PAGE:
A Texas actress turns into British Bridget

Renee Zellweger sat drinking her tea like most Londoners do in the afternoon. She was "in training" for her starring role in the film, "Bridget Jones's Diary." Based on Helen Fielding's international bestseller, it's the story of a single 30-year-old trying to take control of her life. Bridget is original, overly frank, and occasionally audacious. She's also British.

"I knew how popular Bridget was to the British readers, so I moved to London two months before filming began," Zellweger says. "I wanted to familiarize myself with the character, as well as the social and cultural references. I observed a lot, slipped into certain mannerisms, listened closely to the different dialects in the city, and worked a bit so I'd understand what her daily responsibilities were at her job at the publishing house."

The actress also went to a nutritionist to help put on a few pounds. She ordered extra scones, clotted cream, and jam. Bridget has a rounded figure - at least 20 pounds heavier than Zellweger's normal weight.

While in London, Zellweger enjoyed the quiet. "I spent every Sunday having brunch at Harvey Nichols and wasn't interrupted with autograph-seeking fans," she says. "Even when I worked at the publishing house as a publicist, no one recognized me. I went home after that first day and shouted, 'Yeah! They don't know who I am.' "

Then, Zellweger paused. She had played opposite Tom Cruise in "Jerry Maguire," Jim Carrey in "Me, Myself & Irene," and won awards for "Nurse Betty," yet no one in London knew her? Was that good?

Her usual sunny smile returned, and she conceded, "Isn't that what I want, for people to see me as Bridget Jones, not Renee Zellweger?"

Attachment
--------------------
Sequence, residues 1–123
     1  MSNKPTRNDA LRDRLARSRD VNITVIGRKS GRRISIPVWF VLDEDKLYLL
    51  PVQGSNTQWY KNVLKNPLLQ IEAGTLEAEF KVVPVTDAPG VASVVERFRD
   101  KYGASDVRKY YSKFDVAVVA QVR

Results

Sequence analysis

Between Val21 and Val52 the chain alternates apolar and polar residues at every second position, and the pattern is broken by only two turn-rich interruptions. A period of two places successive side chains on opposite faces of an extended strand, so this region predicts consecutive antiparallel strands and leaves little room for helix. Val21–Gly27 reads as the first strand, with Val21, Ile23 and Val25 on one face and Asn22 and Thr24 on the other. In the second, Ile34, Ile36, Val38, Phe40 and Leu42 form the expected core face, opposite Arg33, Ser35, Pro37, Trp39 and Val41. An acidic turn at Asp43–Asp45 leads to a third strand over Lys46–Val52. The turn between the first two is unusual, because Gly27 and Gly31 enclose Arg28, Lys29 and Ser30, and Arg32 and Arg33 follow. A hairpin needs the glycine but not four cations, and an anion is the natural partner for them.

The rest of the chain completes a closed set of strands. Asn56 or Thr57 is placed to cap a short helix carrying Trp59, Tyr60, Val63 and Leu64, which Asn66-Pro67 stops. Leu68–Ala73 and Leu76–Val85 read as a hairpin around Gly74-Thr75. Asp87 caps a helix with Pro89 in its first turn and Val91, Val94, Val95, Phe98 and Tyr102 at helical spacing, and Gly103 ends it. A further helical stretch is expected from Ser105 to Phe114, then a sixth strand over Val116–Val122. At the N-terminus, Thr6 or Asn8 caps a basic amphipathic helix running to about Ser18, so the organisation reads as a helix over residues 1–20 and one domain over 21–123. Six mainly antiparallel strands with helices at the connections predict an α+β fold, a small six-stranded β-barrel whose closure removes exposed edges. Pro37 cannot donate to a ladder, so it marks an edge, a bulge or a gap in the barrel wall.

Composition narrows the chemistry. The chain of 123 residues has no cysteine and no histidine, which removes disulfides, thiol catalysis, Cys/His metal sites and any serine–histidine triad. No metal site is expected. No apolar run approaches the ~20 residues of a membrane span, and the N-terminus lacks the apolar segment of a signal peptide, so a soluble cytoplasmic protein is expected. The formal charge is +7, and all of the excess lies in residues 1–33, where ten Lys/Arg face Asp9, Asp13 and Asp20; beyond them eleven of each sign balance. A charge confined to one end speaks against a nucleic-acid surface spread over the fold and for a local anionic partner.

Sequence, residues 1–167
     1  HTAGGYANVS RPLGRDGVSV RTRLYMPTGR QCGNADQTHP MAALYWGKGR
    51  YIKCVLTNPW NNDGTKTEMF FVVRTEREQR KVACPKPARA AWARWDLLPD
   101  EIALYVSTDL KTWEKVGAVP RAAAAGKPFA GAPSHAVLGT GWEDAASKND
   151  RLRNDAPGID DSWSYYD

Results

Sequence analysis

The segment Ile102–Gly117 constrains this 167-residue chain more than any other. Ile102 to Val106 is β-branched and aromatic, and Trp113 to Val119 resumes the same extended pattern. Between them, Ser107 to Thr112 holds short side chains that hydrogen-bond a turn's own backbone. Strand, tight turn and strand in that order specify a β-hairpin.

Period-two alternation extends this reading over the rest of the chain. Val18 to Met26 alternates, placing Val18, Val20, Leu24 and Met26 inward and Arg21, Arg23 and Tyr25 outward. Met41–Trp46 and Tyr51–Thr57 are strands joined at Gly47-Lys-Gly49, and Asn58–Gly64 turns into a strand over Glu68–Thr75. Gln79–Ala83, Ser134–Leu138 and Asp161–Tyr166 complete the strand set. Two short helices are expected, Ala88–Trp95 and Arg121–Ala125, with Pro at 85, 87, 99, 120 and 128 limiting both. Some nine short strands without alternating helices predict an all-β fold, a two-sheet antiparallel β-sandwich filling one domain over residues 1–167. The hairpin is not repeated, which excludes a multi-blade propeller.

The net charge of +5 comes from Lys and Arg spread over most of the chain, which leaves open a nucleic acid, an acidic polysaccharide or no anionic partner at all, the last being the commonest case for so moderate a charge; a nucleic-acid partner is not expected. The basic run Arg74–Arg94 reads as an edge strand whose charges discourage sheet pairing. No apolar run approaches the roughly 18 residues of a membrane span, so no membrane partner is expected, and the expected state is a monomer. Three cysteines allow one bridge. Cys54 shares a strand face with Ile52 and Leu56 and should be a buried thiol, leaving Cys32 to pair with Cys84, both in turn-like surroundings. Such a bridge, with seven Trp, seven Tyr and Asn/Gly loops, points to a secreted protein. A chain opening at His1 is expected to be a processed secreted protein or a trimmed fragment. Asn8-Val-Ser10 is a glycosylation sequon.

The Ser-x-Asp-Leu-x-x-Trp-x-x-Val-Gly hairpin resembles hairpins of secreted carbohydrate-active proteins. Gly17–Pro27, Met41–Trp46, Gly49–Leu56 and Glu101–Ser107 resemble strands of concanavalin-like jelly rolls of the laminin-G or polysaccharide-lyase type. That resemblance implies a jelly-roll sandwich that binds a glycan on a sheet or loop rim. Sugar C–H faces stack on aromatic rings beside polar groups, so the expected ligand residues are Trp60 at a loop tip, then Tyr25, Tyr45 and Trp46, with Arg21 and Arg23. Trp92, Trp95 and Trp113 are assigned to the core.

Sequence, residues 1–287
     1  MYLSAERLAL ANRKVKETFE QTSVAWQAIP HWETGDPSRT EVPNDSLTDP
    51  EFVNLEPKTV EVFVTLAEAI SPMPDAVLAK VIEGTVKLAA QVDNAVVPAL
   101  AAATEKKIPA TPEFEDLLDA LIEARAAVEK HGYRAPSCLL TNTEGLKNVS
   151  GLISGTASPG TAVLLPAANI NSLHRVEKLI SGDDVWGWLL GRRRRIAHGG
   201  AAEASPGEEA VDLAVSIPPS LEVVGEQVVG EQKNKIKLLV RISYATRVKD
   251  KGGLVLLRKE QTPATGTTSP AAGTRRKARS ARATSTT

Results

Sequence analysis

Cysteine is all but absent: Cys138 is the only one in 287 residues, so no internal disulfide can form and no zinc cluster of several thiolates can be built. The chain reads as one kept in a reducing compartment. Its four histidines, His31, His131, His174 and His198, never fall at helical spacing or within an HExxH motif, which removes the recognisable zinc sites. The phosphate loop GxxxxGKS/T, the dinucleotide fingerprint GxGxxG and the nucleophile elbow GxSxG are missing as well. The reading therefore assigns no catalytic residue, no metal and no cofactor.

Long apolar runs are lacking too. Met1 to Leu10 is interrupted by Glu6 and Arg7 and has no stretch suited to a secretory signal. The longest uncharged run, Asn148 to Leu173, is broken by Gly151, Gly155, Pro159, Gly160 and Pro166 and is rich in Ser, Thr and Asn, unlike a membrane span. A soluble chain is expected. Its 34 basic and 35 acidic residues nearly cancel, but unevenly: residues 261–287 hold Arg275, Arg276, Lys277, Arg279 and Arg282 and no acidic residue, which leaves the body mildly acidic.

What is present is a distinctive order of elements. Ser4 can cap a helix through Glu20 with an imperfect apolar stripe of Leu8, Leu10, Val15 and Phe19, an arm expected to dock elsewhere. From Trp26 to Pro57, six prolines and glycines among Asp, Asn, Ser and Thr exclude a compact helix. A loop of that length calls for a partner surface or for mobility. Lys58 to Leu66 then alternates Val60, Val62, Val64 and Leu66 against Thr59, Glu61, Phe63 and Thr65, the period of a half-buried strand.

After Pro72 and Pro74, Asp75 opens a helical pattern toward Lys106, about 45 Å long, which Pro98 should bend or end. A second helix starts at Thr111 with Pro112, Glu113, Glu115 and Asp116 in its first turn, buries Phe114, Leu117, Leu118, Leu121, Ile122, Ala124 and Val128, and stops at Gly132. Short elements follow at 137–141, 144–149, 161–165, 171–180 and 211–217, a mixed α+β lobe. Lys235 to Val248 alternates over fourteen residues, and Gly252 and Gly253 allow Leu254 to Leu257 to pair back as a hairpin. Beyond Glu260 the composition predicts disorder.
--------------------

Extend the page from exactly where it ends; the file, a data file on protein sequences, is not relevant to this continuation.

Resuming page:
She didn't have any time to ruminate. "I was taking speech lessons twice a day with a wonderful coach, a real speech guru, Barbara Berkery. She was so strict. She insisted I retain the accent all the time - even when I wasn't at the studio. She quickly became 'Iron Fist Barbara;' she was so persnickety."

The laughing Zellweger stopped to explain, "That's one of my favorite words from the South. (She's a Texan). Persnickety means very, very particular. She didn't let me slide on anything! She was 'Cruel Baba.' "

During her prep time, the actress, just like Bridget, took a job as a publicist at the publishing house that handled Fielding's books. "My first task was to check out the newspapers - and in London there are many - clipping any article that mentioned one of their books."

"The first clipping was, and I've memorized this, 'How can that ... Texas comic from America play our popular British heroine, Bridget Jones?'

"That was OK. I understood it. Having spent time in England, and seeing how much smaller their film market is, there would be fewer opportunities for talented English actresses. Certainly to play Bridget Jones was a plum."

We picked up our talk when Zellweger returned to Los Angeles. She reminded me, "Don't think I didn't have fun on the film. I did. The scene where I slide down the brass pole at the fire station was something I'd always wanted to do as a kid in Houston. I've never played a character so physically involved in the scenes...."

Everyone who has seen the movie knows she rose to the challenge. Her co-star, Hugh Grant, concedes, "I too raised an eyebrow when I learned an American was playing Bridget. I remember thinking, how weird? Then, I met Renee, and I thought she was an English girl. She spoke the dialect perfectly, on and off camera.

"At the wrap party, when I heard her talking in her natural Houston accent, I wanted to call security - I thought they'd let in the wrong girl," Grant says.

(c) Copyright 2001. The Christian Science Monitor

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